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In this school are taught the Latin and Greek languages; the
Greek and Roman History, Geography, and Literature; and the
Hebrew language. The instruction is given partly by lectures
and examinations, and partly by comments on portions of the
text-books appointed to be read by the student. It embraces the
following subjects, distributed according to the classes.

I. Junior Latin.—1. General principles and doctrines of the

2. The application of these general principles in the explanation
of the formation and composition of the words of the language,
considered individually, and without regard to their relations to
other words in a sentence.

The doctrine of the primary and secondary significations of
words is considered in connection with this branch of the subject,
and is illustrated in the lectures from day to day as occasion may

3. The accidence, or inflectional forms of words, expressing
the relations in which they stand to other words in a sentence.
These modifications of the forms of words are in like manner
explained by the application of the general principles of the

4. The Syntax, or laws which govern the relations existing
between the several parts of a sentence or discourse, whether indicated
by the inflections of words, or by particles. This subject is
treated of partly in lectures specially devoted to it, partly by way
of prelections and comment on the portions of authors read in the
lecture-room, and partly in connection with the written exercises.

For the above subjects the text-books are the Professor's printed
notes, Zumpt's Latin Grammar, and Krebs' Guide.

5. The doctrine of the quantity of Syllables, and the metres.
The students are advised to use Carey's Latin Prosody, and
Munk's Greek and Roman Metres by Professors Beck and Felton.

6. The Latin authors used as text-books are Horace, Virgil,
Cicero's Orations, and his Epistles ad Diversos, Terence, and
Cæsar's Commentaries. The last chiefly with a view to the written

II. Senior Latin.—1. Prelections and commentaries on portions
of the classic authors, embracing besides the other matters
necessary for the better understanding of these, a further development


Page 11
of the doctrines of philology taught in the Junior Class.

The text-books are Horace, Juvenal, Livy, Tacitus, Krebs'
Guide and Zumpt's Latin Grammar.

2. Geography of Ancient Italy. The maps of ancient and
modern Italy, published by the "Society for the Diffusion of Useful
Knowledge," are recommended.

3. Roman History. This subject is taught by prelections, and
by examinations on the text-book, Schmitz' History of Rome. The
History of Rome published by the "Society for the Diffusion of
Useful Knowledge," Niebuhr's History of Rome, and Arnold's
History of Rome are referred to.

III. Junior Greek.—1. The Etymology, considered in its general
principles and its applications, the Syntax, and the Prosody
and Metres, are taught to this class in the same way as to the
Junior Latin.

For these subjects, Kühner's Elementary Greek Grammar is the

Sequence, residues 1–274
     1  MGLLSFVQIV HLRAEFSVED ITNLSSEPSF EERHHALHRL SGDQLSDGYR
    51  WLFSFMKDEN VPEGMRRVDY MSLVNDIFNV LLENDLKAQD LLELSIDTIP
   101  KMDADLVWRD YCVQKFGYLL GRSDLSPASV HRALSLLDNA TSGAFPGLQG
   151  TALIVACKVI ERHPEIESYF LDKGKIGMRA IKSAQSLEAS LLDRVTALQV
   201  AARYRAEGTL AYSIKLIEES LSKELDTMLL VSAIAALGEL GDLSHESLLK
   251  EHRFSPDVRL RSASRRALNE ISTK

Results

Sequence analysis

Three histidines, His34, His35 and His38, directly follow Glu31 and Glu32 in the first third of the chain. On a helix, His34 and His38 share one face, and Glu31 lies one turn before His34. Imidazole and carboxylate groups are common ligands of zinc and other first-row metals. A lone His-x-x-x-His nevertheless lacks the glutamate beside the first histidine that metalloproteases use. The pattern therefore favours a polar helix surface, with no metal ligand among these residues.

2. The Greek authors read and explained in the lecture-room,
are Xenophon's Anabasis, Herodotus, and a play of Æschylus or
Euripides. The Greek and English Lexicon of Liddell and Scott
is that preferred.

IV. Senior Greek.—1. Prelections and commentaries on portions
of the Greek classic authors, in the same way as in the Senior
Latin class, and embracing the like subjects.

The Greek authors used as text-books in this class are Euripides,
Sophocles, Thucydides, and Homer. The student should have
Kühner's Larger Greek Grammar.

2. Ancient Geography of Greece. The printed notes of the
Professor form the text in part.

3. Ancient History of Greece—taught by prelections, and by
examinations on the text-books. These are Thirlwall's History of
Greece, or the History of Greece in the Library of Useful Knowledge.

It is expected of the students of Latin and Greek that they shall
read in their rooms such authors and parts of authors, prescribed
by the Professor, as cannot be read in the lecture-room; e. g.:
Cicero's Epistles to Atticus, his Orations (selected), and Treatise
"De Republica;" Sallust, Virgil, Terence, Plautus, Æschylus,
Sophocles, Euripides, Aristophanes, Demosthenes, Æschines,
Thucydides, Plato, &c.

As an essential part of the plan of instruction, the students of
each class are required to furnish written exercises; which consist
in the conversion of Latin or Greek into English, and of English
into Latin or Greek. The exercises are examined by the Professor,
and their errors marked; they are then returned to the students,
and the corrections stated and explained in the presence of the
class. For these exercises the classic authors are used as a text,
aided in Latin by Krebs' Guide.


Page 12

V. Hebrew.—The text-books are Biblia Hebraica, Nordheimer's,
or Gesenius' Hebrew Grammar, and Gesenii Lexicon Manuale
Hebr. et Chald., or Sauerwein's edition of Rehkopf's Lex.
Hebr. Chald.

In the written translations required as a test of the qualifications
of candidates for degrees, the passages used are selected by the
committee of examination, not from the portions of authors which
have been read and explained in the lecture-room, but at will from
the classic writers generally.